Why, Poppy? WHY?

So I'm shopping at Woolworths today because we had NOTHING in the house to eat. Somehow we ate everything. Even the ingredients to -gasp- cook something. They were gone too. And I walk past the magazines and see the Woman's Day cover with one of those "BODIES AFTER BABIES" bloody coverlines that I loathe, accompanied by some chick I didn't recognise posing in a bikini with a baby absurdly placed on her hip.
On closer inspection, I discovered it was Poppy Montgomery and her POST-BABY BODY. Woo. And hoo.
Here is the shot (bought by Woman's Day from People)


[source: CBB]

How ironic that I had just spent my morning nodding my head vigorously while reading an editorial in the SMH about how far we've come (not) from pregnancy and motherhood being something to hide back in the 50s to something so sexualised that unless we conform to the Yummy Mummy ideal (like Ms Montgomery), we may as well hang our heads with shame.

The opinion piece by academics Sue Goodwin and Kate Huppatz said:

The yummy mummy phenomenon inspires passionate responses, from
lust and admiration to approbation and contempt. But does it help
or hinder women?

There is no doubt yummy motherhood has an upside. The taboo
surrounding pregnancy did, after all, hold sway through most of the
20th century. From the prudish Victorian times on, pregnant women
and new mums were regarded as, if not abject, then at least in poor
taste.

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…Yummy motherhood has allowed mothers to get out in public, to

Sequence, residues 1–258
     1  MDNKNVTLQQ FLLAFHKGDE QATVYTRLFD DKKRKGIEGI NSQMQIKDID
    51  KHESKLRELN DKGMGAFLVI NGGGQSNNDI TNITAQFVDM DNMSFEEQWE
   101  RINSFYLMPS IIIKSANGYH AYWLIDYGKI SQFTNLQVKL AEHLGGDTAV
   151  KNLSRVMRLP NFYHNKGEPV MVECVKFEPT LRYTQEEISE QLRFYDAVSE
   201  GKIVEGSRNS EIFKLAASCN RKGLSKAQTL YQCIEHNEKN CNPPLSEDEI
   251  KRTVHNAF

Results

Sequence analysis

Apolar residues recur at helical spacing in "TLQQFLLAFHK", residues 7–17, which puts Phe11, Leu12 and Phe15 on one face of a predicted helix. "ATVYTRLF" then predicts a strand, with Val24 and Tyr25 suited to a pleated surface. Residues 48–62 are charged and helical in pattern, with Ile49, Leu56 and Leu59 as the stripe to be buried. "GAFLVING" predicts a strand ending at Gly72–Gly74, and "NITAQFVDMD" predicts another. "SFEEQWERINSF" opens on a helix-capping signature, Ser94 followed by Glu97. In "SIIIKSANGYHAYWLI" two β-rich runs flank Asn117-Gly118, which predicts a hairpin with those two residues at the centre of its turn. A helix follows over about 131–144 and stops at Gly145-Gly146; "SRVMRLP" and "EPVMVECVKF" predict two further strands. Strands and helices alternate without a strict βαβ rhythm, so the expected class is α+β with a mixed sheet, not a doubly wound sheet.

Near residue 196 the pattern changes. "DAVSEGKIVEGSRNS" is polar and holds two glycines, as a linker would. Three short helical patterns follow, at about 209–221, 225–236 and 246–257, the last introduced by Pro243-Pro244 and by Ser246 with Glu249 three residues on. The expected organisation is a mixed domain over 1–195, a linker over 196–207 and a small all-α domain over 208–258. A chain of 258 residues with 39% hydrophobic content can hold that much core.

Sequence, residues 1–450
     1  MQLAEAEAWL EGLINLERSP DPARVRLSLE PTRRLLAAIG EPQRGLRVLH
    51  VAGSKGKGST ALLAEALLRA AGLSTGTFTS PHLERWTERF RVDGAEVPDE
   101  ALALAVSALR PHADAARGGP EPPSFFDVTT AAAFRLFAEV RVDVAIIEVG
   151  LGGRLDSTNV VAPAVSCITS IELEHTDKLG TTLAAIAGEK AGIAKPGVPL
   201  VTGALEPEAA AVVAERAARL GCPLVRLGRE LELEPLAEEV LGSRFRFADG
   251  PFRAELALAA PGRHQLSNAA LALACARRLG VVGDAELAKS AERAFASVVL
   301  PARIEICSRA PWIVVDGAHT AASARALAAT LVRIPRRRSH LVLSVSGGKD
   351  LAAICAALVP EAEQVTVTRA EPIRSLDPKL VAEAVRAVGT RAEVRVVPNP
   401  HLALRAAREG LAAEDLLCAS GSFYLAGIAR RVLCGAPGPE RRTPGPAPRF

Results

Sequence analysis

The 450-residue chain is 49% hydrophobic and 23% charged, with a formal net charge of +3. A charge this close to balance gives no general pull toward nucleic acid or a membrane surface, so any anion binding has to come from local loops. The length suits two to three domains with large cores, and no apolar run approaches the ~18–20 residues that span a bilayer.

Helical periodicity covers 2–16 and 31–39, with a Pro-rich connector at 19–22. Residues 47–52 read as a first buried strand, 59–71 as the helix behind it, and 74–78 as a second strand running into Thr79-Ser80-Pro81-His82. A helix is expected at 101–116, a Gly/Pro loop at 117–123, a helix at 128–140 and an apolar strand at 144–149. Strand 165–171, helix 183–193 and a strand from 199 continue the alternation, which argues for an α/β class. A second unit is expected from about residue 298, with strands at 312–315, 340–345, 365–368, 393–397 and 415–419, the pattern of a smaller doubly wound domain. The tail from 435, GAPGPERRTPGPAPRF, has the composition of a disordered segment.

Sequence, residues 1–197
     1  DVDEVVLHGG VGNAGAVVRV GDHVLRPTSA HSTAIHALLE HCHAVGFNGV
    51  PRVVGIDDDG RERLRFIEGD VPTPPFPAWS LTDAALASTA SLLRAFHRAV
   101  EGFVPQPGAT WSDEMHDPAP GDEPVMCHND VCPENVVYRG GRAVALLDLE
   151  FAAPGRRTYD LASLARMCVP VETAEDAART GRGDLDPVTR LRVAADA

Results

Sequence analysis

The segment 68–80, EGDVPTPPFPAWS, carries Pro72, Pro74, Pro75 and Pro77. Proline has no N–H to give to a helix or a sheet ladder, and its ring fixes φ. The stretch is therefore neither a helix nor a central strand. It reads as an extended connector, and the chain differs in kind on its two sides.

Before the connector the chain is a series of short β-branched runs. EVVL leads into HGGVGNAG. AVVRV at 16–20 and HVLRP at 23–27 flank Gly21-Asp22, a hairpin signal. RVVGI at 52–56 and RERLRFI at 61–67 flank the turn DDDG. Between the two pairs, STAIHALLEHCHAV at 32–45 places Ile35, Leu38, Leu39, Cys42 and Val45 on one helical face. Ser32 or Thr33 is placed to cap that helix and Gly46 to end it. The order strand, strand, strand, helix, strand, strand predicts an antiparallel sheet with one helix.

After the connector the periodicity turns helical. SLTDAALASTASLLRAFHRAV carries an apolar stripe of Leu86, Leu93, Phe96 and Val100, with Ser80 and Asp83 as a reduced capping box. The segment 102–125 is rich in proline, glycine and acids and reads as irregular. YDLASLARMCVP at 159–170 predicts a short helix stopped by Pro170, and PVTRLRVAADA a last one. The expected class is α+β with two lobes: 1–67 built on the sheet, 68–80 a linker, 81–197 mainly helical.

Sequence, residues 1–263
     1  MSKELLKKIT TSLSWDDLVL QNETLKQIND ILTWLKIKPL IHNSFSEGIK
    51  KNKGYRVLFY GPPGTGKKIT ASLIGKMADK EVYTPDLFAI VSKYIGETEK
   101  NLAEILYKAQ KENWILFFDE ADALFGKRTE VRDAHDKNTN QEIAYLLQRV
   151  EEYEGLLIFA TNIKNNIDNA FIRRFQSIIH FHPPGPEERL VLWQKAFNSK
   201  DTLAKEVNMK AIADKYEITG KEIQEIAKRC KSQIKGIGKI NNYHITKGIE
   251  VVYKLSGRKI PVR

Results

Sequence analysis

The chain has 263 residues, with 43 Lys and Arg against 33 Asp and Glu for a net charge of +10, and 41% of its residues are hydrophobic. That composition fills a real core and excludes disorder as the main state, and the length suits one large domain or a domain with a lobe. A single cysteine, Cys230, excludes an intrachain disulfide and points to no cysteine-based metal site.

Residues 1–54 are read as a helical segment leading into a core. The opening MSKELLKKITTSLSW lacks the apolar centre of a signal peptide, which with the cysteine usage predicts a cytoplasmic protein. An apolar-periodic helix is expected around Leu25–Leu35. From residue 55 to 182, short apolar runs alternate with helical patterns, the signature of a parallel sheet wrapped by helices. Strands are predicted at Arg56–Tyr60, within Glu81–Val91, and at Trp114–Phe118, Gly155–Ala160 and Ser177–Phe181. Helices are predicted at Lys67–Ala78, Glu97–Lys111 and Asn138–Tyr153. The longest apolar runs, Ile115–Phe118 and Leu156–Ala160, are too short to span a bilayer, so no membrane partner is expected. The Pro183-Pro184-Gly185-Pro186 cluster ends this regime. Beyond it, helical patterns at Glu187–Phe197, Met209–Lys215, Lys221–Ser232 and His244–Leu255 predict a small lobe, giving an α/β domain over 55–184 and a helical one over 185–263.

hang in groups at cafes. It has also made normal clothes (including
skintight garments) acceptable for pregnant women. Mothers can now
be seen as sexually attractive. More importantly, it has allowed
them to be "hot".

….But reports of "pregorexia" – striving to stay thin during
pregnancy – remind us of the dark underbelly of these positive
changes. And pregorexia is not the only alarming trend surrounding
the yummy mummy phenomenon. "Mummy makeover" is the term used to
denote the set of radical cosmetic surgical procedures that women
increasingly undergo post-birth. Some mothers claim to find a mummy
makeover liberating but both pregorexia and the mummy makeover aim
to eradicate the maternal body.

Both of these trends demonstrate how the idealisation of
youthfulness has crossed into the maternal realm – women are
expected to appear skinny and toned whatever their age and whether
they've had children or not. Ironically, this means that while
there has been much "motherhype" of late, mothers continue to sit
uneasily in the public eye. It seems that mothers are
simultaneously celebrated and eradicated.

The yummy mummy phenomenon, therefore, has a downside. In some
ways, it seems our attitudes to motherhood have not shifted all
that much since the days when pregnant women were pressured to stay
hidden and indoors. We just express our ambivalence about
motherhood and pregnancy in different ways. In particular, while
the pregnant and post-pregnant body has been sexualised, unless it
conforms to a rigorous youthful and skinny ideal it is considered
taboo.

Progress. Oh wait. The opposite.

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